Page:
People first came to the land now called Kentucky at least 14,000 years ago, possibly following mammoths and other large game that migrated here. Thousands of years later, Native American tribes including the Cherokee, Shawnee, Chickasaw, and Yuchi lived on the land.
It wasn’t until 1774 when the first permanent white settlement was founded. Pioneers James Harrod and Daniel Boone founded other settlements in the following years.
For a while the eastern section of present-day Kentucky was considered part of Virginia, but in 1792 it was declared its own state. The western part of Kentucky was later added in 1818 after being purchased from the Chickasaw tribe.
When the Civil War broke out in 1861, Kentucky was officially neutral. Yet 140,000 of its citizens went to fight in the war.
WHY’S IT CALLED THAT?
Most experts think that the name Kentucky comes from a Native American language, but they don’t agree on which one. It may have come from the Wyandot name for the area, Kah-ten-tah-teh, which can be roughly translated as “Land of Tomorrow.” It’s also possible that it comes from the Shawnee name for the area, Kain-tuck-ee, which means “At the Head of the River.” Or it may have been derived from the Iroquoian or Mohawk word Kentucke meaning “among the meadows.”
GEOGRAPHY AND LANDFORMS
Kentucky is bordered by Indiana and Ohio in the north, where the Ohio River creates a wiggly boundary. It has West Virginia (separated from Kentucky by the Big Sandy River) and Virginia to the east, Tennessee to the south, and Missouri and Illinois to the west.
Kentucky contains six different geographical regions. Farthest east is the Mountain Region, a part of the Appalachian Mountain chain. Forests, high ridges, and narrow, V-shaped valleys are here, plus the state’s highest point, Big Black Mountain. This is also a land of coal fields—10,500 square miles of coal are under this area, known as the Eastern Kentucky Coal Field.
Go west to the horseshoe-shaped Knobs region, where erosion has created hundreds of knob-shaped hills called monadnocks. Part of Daniel Boone National Forest is here.
In the middle of the Knobs is the Bluegrass region, named for the bluish-green grass that grows there. Its hills, sinkholes, caves, and springs were all created when the local limestone weathered, or broke down.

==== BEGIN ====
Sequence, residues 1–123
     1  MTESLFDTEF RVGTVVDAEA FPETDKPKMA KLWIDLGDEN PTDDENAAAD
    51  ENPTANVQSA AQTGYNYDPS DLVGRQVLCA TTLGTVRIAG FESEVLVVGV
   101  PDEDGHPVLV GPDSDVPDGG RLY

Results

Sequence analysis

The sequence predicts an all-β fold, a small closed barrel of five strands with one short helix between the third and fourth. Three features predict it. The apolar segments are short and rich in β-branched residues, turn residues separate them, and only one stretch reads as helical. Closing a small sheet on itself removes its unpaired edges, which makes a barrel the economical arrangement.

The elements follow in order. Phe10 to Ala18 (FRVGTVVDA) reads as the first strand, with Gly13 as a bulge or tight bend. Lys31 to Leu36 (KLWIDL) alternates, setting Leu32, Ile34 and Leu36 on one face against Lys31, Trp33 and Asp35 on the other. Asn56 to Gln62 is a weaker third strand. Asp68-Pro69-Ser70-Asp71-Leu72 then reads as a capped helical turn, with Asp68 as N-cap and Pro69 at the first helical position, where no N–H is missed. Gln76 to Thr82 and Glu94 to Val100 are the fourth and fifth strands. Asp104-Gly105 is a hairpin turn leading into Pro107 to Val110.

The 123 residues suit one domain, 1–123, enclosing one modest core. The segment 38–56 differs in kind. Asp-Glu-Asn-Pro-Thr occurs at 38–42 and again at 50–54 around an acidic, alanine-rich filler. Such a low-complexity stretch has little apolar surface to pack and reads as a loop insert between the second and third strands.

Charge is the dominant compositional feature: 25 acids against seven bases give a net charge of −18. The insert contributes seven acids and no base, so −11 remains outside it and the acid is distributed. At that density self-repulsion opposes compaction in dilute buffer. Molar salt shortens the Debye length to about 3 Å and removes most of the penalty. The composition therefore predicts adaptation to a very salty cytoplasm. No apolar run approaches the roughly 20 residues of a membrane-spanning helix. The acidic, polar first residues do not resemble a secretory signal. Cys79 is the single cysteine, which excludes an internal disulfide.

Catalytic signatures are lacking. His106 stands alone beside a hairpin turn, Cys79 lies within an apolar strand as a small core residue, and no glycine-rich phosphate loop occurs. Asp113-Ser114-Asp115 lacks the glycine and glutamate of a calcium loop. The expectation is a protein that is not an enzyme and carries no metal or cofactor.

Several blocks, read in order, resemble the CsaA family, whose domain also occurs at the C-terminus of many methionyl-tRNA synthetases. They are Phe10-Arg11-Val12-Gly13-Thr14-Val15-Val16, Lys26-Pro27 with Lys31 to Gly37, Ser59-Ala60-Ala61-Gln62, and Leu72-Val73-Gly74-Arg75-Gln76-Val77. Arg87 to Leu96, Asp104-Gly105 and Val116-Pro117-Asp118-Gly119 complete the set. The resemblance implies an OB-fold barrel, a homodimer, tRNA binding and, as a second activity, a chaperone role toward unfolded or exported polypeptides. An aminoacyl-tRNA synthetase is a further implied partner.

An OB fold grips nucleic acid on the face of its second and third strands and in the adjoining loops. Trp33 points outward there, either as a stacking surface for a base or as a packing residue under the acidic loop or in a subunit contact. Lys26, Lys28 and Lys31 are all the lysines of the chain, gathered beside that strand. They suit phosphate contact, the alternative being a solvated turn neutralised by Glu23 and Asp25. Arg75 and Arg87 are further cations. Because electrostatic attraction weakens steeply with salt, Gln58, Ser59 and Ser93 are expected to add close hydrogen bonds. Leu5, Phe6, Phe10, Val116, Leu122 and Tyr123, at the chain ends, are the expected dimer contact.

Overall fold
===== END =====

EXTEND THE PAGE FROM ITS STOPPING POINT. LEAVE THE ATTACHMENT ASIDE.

The Pennyroyal region (also spelled Pennyrile) is named after a type of mint plant that grows there. Spreading west across the center of the state, this area is rocky with trees, lakes, and lots of caves. One of these caverns is Mammoth Cave, the world’s longest—it stretches over 350 miles!
Surrounded by the Pennyroyal is the Western Coalfield Region, a hilly area overlying 4,680 square miles of coal. John James Audubon State Park, named after the famous artist and naturalist, is in this region.
The Jackson Purchase in the far west, which was added to Kentucky in 1818, is lowland filled with ponds, lakes, and swamps.
Black bears, bobcats, red foxes, minks, and river otters are common Kentucky mammals. Gaze at the sky, and you might see a peregrine falcon, bald eagle, mountain bluebird, Kentucky warbler or northern cardinal (the state bird). Check the ground and trees for reptiles like the six-lined racerunner, broadhead skink, or Eastern corn snake. Amphibians such as the Kentucky spring salamander or the Jefferson salamander hang out near water.
The tulip poplar (the state tree) is native to the eastern United States, as is the Kentucky coffeetree. Other native trees include red maple, sassafras, northern red oak, and bald cypress. Look for colorful native wildflowers such as wild columbine, purple coneflower, dwarf iris, and the endangered Kentucky lady’s slipper, a type of orchid.
With almost half the state covered in forests, it’s not surprising that Kentucky is one of the country’s top three producers of hardwood. It’s also the third-largest coal producer in the United States, thanks to its vast natural coalfields. Limestone is another top resource.
—Lots of famous people come from Kentucky, including President Abraham Lincoln; Mildred and Patty Hill, who wrote the tune to “Happy Birthday to You”; and boxer Muhammad Ali.
—You can visit the Louisville Slugger museum and factory, where the first of its now-famous baseball bats were manufactured in the 1880s. You can’t miss the place—outside is a 120-foot-tall steel bat!
—Fort Knox is home to the United States Bullion Depository, an underground vault containing one of the world’s largest gold reserves—estimated to be about 260 billion dollars’ worth!
—Eastern Kentucky is home to so many country-music stars that a stretch of highway was renamed the "Country Music Highway."